Mastering Engineering

July 28, 2006

Unlike doctors and lawyers, engineers are ready for work right out of college. Whether that’s a good thing or a bad thing is a hot topic of debate among engineers and engineering faculty members.

C. Judson King, director of the Center for Studies in Higher Education at the University of California at Berkeley, and a professor emeritus of chemical engineering, wants to see a change in the way undergraduate engineers are educated.

He sees engineering as a discipline in renaissance, as engineers increasingly enter the public policy, business and law sectors, or at least work more closely with professionals in those fields.

"I would like to see people with an engineering education go into government," King said. But King argues that the narrow, rigorous program required for an undergraduate engineering degree limits the amount of education engineering students get in other disciplines. King hopes to see the master’s degree, rather than the bachelor’s, become the true entry level degree for professional engineers.

In King’s view, the undergraduate engineering program -- “pre-engineering,” he calls it, like pre-med or pre-law -- should have a lighter engineering load so that students can get a broader liberal arts education. “The abilities of engineers to move into other areas … [is] limited by the narrowness and inward-looking nature of their education,” King says in a paper titled “ Engineers Should Have a College Education,” on the Berkeley center's Web site. A version of the essay appeared in the summer 2006 edition of Issues in Science and Technology. “Engineering is typically the one undergraduate area that is not subject, or is much less subject, to the general education requirements that are common for other undergraduates.”

Making the master’s degree the entry level degree would open up room in the undergraduate curriculum, King said, which is now chock full of the requisite science and engineering courses for professional practice. King makes some very similar suggestions to those made by the National Academy of Engineering in its 2005 report, “Educating the Engineer of 2020,” which calls for a more liberal education for engineers, and greater prevalence and recognition of the worth of professional master’s degrees.  “We’re recognizing that, because of the very fast expansion of knowledge in science and engineering,” said Richard Taber, a program officer at the National Academy of Engineering, “there’s too much for a student to learn in that area in a four year degree.”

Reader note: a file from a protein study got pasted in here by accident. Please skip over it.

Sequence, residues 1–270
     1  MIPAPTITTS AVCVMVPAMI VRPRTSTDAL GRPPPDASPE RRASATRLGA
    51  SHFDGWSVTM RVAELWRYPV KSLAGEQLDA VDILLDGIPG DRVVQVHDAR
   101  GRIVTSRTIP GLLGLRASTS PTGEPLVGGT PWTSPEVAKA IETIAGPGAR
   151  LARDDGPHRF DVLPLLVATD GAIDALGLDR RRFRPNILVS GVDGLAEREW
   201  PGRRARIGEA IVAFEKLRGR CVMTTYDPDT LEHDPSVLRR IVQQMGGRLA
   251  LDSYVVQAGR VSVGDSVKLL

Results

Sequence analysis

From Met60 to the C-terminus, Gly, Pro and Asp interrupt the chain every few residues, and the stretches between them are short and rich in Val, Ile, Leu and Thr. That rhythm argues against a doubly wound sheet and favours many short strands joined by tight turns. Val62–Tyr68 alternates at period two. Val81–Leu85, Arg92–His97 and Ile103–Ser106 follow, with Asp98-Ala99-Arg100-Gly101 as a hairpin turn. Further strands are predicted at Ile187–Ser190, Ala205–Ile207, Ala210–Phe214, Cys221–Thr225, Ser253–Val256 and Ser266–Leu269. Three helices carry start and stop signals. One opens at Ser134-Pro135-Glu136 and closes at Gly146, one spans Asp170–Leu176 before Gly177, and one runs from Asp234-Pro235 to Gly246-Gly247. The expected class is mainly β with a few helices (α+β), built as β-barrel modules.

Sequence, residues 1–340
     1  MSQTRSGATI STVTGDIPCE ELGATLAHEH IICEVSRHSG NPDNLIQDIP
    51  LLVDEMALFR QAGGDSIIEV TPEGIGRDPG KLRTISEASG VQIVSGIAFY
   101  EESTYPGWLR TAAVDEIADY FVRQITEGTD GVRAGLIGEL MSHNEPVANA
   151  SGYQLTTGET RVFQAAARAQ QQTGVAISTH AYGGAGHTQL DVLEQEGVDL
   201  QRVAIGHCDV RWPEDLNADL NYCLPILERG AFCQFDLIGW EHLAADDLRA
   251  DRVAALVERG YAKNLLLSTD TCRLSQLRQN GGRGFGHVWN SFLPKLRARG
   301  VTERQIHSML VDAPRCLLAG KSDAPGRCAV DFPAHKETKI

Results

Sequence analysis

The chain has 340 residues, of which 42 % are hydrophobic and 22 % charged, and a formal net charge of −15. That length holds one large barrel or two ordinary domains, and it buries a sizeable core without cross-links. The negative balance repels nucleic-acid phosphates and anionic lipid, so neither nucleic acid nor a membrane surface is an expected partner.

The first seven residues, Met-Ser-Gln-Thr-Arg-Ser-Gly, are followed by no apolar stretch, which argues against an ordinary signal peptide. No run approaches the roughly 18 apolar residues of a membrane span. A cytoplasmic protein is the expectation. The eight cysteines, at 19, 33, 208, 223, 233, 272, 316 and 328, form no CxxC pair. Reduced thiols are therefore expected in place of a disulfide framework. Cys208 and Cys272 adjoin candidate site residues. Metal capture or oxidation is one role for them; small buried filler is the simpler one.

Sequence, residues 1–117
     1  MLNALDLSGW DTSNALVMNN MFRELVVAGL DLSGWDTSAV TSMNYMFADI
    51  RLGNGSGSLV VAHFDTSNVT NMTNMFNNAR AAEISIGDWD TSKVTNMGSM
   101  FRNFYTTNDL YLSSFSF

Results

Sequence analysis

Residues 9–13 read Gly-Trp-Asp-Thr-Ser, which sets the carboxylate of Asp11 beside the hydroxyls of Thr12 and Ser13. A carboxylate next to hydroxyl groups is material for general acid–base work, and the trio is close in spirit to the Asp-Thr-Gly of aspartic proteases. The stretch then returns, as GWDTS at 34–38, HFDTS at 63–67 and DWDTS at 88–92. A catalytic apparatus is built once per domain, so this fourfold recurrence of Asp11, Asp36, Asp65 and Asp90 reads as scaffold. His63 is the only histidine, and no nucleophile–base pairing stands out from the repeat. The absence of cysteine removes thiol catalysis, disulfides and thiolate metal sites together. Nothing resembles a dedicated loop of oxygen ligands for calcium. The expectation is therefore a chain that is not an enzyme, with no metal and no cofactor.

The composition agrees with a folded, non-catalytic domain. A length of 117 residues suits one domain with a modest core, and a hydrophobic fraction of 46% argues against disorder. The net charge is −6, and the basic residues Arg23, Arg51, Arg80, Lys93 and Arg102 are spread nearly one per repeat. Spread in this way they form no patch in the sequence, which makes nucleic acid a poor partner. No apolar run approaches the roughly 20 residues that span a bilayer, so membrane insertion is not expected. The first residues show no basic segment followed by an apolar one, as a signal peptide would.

But critics cite students’ past resistance to five-year B.S./M.S. programs, and say that graduate study is often unnecessary for engineers, and would turn many students away from engineering altogether.

Don P. Giddens, dean of the Georgia Institute of Technology’s College of Engineering, said that he’s “asked a number of people in industry if they’re unhappy with the bachelor’s degree students, and the answer is ‘no.’ I have certainly not seen anything in my conversations that would indicate that industry sees the master’s being the entry level degree.” Because of that, Giddens added, engineering shouldn’t be compared with medicine, a discipline in which there once was a call for greater training.

Giddens noted that members of Congress, business leaders and faculty members have been discussing whether America has enough engineers. “Everybody agrees that we don’t have enough U.S. students,” Giddens said. He added that he thinks it would be a counterproductive recruiting strategy to tell high school students “how great engineering is, but by the way you’ve got to go the extra year before you can do engineering.”

King said that some students may be discouraged by the prospect of an extra year or two, but that other students would be encouraged. King said that more students might give engineering a try if it wouldn’t preclude them from investigating other interests in college. He noted that many Berkeley engineering students who responded to the University of California’s Undergraduate Experience Survey “bemoaned the fact that they couldn’t take other classes.” King added that, like pre-med and pre-law, pre-engineering would draw more people -- and perhaps more women and minorities -- to engineering. “Then they can decide later in their education if they want to go on to the master’s degree,” he said.

Frank Huband, executive director of the American Society for Engineering Education, said that “there are good arguments for making the master’s degree the key professional level degree,” but that, when it comes to technical expertise, “even a master’s degree is of no use when you’re 10 years past it.”

Huband said that it is more important to make sure that students develop a commitment to lifelong learning and updating their skills. He said he supports the notion of giving engineering students a liberal education, or even having broader engineering majors for people who do not intend to be career engineers. Huband noted that, already, half as many master’s degrees as bachelor’s degrees are awarded each year.

George Peterson, executive director of ABET, which accredits engineering programs, took exception to King’s suggestion that undergraduate engineering programs are narrow. Peterson said that there’s a clear national trend toward making undergraduate engineering education more interdisciplinary. “I do understand we need to add more,” Peterson said,  but using the “pre-engineering” label, or demanding a master’s degree, he said, “has the potential to turn a lot of people away.”

As for the cost of the master’s degree to students who take a broader undergraduate engineering program and then later decide to be engineers, “it has to be recognized as an investment,” King said. 

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